So how did such patently absurd manifestations become unleashed? It most likely happened when Alice decided to go off her medication, which Dr. Moffet had prescribed to stabilize her moods. With those moods stabilized, however, Alice also stifled her inner impulses. The beliefs she had been harboring for years were thus denied expression – that is, until she allowed their release with the removal of the impediment that had long suppressed them.

The question, of course, is, why did Alice decide to do this now? A number of explanations are possible. In one regard, the money provided her the means to make all this happen. But, in another respect, perhaps Alice saw a deeper purpose, a need to manifest an alternative “treatment” to the mind-numbing therapy she had been going through for years without any meaningful, tangible results. By having allowed herself to be medicated into submission – and, consequently, not being able to address the underlying issues that were the source of her emotional discomfort – Alice was prevented from tackling the beliefs that triggered her condition and put her into counseling in the first place.

However, with the medicinal barriers removed, and by having access to a milieu for giving expression to those long-suppressed beliefs, Alice now has an opportunity to try a different approach for working out the issues that conventional therapy failed to rectify. Alice most likely isn’t consciously aware that she’s doing any of this, and not all of her efforts may bear fruit. But, despite such shortcomings, she nevertheless has a medium at her disposal to explore different avenues for resolving her issues and to use (and hone) her manifestation skills for creating a more satisfying reality. And, if this approach gets results that other more traditional efforts couldn’t, then why not try it (unconventional though it may be)?

As Alice works her way through this process, it becomes clear that she’s wrestling with some personally painful issues. Some of them may be somewhat overblown, but others have definitely caused her anguish for a long time, primarily due to a lack of resolution. Alice now has a chance to change that. And, by doing so publicly, she also has an opportunity to draw attention to (and to raise awareness and support for) an issue that may well affect others similarly (and, if that’s not doing “something big,” then I don’t know what is).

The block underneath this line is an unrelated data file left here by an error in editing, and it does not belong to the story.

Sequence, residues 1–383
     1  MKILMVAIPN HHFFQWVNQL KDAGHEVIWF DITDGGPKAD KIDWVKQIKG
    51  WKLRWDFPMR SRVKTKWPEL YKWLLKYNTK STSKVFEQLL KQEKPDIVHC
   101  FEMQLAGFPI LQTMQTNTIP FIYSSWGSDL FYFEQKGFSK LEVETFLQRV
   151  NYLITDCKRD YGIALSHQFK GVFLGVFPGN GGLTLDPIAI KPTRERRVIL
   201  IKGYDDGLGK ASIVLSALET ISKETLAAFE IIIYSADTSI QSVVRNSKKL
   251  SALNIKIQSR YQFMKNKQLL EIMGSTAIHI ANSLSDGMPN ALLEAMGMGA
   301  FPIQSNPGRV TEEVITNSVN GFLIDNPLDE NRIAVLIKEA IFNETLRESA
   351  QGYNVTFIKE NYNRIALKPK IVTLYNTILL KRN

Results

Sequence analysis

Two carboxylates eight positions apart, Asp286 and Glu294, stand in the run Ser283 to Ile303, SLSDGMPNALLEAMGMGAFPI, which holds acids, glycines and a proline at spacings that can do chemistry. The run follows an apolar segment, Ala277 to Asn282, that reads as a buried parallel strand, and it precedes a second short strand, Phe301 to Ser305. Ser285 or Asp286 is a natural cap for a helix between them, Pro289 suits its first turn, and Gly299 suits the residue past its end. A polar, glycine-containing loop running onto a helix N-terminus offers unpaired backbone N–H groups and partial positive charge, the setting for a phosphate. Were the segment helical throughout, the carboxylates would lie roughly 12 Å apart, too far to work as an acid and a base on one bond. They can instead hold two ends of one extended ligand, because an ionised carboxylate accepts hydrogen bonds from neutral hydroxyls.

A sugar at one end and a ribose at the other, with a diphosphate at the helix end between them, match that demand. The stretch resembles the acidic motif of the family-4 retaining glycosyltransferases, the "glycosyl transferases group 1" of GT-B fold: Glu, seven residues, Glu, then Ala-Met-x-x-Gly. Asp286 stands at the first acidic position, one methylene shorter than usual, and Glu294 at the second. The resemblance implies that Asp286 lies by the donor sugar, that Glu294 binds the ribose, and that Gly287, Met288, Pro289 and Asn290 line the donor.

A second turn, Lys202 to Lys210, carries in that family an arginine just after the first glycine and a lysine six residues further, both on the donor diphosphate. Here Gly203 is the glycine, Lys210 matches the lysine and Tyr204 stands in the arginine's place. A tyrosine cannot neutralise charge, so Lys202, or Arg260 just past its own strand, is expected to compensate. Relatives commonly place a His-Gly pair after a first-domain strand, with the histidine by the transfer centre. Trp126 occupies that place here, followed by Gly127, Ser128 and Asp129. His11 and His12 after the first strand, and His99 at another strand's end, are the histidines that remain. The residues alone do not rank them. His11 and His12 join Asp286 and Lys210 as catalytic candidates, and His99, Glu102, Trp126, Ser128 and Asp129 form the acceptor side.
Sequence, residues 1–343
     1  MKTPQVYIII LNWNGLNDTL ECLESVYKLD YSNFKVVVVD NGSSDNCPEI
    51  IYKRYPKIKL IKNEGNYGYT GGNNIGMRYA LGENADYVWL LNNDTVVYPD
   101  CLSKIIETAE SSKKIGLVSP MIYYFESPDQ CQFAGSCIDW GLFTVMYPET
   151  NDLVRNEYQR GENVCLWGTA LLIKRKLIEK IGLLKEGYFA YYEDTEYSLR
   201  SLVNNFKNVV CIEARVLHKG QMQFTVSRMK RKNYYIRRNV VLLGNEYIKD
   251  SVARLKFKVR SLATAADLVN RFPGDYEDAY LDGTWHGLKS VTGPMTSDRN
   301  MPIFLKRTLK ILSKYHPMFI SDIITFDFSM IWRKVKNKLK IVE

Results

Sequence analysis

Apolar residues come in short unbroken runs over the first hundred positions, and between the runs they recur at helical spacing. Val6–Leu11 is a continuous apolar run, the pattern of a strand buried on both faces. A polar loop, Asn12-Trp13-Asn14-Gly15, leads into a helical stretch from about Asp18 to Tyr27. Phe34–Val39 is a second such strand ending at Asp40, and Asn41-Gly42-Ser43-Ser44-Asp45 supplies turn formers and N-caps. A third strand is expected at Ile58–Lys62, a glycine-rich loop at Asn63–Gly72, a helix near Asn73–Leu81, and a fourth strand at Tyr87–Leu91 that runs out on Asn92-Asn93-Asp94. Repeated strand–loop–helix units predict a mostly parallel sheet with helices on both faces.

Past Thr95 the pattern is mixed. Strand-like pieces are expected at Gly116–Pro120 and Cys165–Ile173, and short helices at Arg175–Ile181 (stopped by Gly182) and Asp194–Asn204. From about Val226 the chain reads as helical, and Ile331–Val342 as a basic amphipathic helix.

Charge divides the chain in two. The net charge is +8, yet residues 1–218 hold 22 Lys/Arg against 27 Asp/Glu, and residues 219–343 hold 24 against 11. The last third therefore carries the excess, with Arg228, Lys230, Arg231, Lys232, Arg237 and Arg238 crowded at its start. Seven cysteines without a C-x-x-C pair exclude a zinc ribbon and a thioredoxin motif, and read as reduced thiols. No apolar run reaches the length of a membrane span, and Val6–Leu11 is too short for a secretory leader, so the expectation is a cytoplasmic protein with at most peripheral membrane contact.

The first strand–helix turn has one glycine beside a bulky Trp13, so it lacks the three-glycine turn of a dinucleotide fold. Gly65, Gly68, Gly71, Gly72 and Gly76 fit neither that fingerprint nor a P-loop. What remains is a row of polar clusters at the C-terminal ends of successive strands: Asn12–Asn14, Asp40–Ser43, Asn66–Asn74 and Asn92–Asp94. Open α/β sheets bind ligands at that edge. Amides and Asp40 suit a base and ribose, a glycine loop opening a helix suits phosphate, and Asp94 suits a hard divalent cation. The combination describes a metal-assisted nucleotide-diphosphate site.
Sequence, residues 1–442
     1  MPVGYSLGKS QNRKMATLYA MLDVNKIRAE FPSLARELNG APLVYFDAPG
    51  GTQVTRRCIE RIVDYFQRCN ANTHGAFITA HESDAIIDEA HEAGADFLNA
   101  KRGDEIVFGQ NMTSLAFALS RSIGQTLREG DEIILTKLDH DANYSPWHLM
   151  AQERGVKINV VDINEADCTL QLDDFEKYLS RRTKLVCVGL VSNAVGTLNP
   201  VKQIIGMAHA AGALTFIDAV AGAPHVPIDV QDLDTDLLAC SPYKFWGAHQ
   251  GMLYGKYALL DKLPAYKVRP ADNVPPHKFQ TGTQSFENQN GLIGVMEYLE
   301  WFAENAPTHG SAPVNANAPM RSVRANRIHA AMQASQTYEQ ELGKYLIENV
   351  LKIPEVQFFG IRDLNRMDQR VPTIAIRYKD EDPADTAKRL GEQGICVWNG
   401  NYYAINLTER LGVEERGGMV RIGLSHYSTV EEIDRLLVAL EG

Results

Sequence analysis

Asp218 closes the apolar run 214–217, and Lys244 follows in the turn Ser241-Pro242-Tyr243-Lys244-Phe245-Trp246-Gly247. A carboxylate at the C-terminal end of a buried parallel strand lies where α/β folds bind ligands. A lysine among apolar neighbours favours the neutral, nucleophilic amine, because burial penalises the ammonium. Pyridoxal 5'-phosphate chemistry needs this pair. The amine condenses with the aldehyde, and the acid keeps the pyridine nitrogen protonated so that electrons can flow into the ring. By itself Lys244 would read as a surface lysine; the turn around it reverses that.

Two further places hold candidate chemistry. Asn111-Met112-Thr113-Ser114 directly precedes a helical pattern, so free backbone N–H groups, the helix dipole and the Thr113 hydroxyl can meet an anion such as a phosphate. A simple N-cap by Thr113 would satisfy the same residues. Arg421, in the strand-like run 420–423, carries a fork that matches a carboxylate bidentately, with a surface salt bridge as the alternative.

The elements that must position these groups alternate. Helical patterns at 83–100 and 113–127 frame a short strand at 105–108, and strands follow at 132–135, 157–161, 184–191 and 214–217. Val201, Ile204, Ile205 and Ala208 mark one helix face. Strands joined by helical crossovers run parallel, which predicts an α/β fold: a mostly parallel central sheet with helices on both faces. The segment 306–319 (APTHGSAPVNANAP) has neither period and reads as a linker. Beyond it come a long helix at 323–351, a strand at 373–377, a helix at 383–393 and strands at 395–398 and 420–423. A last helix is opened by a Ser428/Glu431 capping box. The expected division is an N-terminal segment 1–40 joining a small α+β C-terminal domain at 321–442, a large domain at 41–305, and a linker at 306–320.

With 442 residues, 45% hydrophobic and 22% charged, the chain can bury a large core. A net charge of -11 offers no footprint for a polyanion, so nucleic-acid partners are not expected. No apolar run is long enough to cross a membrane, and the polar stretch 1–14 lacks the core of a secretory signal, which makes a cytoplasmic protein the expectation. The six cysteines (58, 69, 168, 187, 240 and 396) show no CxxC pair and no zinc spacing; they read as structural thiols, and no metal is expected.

With that said, however, the foregoing doesn’t absolve anyone involved in the creation of this scenario from their responsibility for its materialization (and all of its attendant ramifications). That’s especially true for the production company staff. They quite clearly see that there’s something wrong with Alice, yet, rather than take her off the air, they let her carry on with whatever tantrums and eccentric behavior she wants, all because she pays them to let her do it. While the money may provide a short-term fix for their cash flow problem, it comes at a cost. This becomes painfully apparent when the company’s attorney, Barb Vaughn (Loretta Devine), notifies the staff about a growing stack of defamation lawsuits filed against the organization for allegedly slanderous accusations made by Alice during her reenactment sequences in which she names the names of those who supposedly wronged her. While all the parties in this scenario may have firmly bought into the belief that “money talks,” at least some of them may not be aware that such “chatter” often carries consequences, some of which may require the creation of a lot of cash to keep the conversation going. Adopting a more responsible stance from the outset often costs less, but that’s a lesson Rich and his money-hungry colleagues might have to get the hard way given the beliefs they’ve employed in creating these circumstances.

From a responsibility standpoint, some might believe the filmmakers have abandoned their sense of it by using a humorous approach for addressing a topic that isn’t inherently funny. But it’s important to recognize that the picture isn’t laughing at the issue of mental illness but laughing about it in making its point. Humor is often a highly effective way of drawing attention to issues of noteworthy concern, and it has been employed quite successfully many times in addressing the mental health question, as seen in films like “King of Hearts” (1966), “One Flew Over the Cuckoo’s Nest” (1975), “What About Bob?” (1991) and “Blue Jasmine” (2013). “Welcome to Me” is merely the latest offering in that vein, and it does its job well, even if it pushes the envelope considerably further than most of its predecessors. It may make some viewers squirm a bit at times, perhaps even prompting them to question the appropriateness of their laughter during certain sequences. Yet, by reading between the laughs, there won’t be any doubt where the filmmakers are coming from.

Overall, the picture hits the mark in almost every regard. It features a stellar performance by Wiig, who’s really showing her chops as a versatile actress and not just as a formula comedienne (much like she did in “The Skeleton Twins” (2014)). The film is also an excellent showcase for the inventive work of first-time screenwriter Eliot Laurence. Admittedly, the story meanders a little at times, with some story lines that don’t feel fully fleshed out, such as those involving Alice’s friendship with Gina and her budding romantic relationships with Gabe and with an impressionable college student (Thomas Mann). However, despite such drawbacks, the film never fails to entertain while delivering insights from which we can all benefit. The picture is currently playing in limited release in theaters specializing in independent cinema, as well as on various video streaming services, and DVD and Blu-ray disk preorders are available from major online retailers.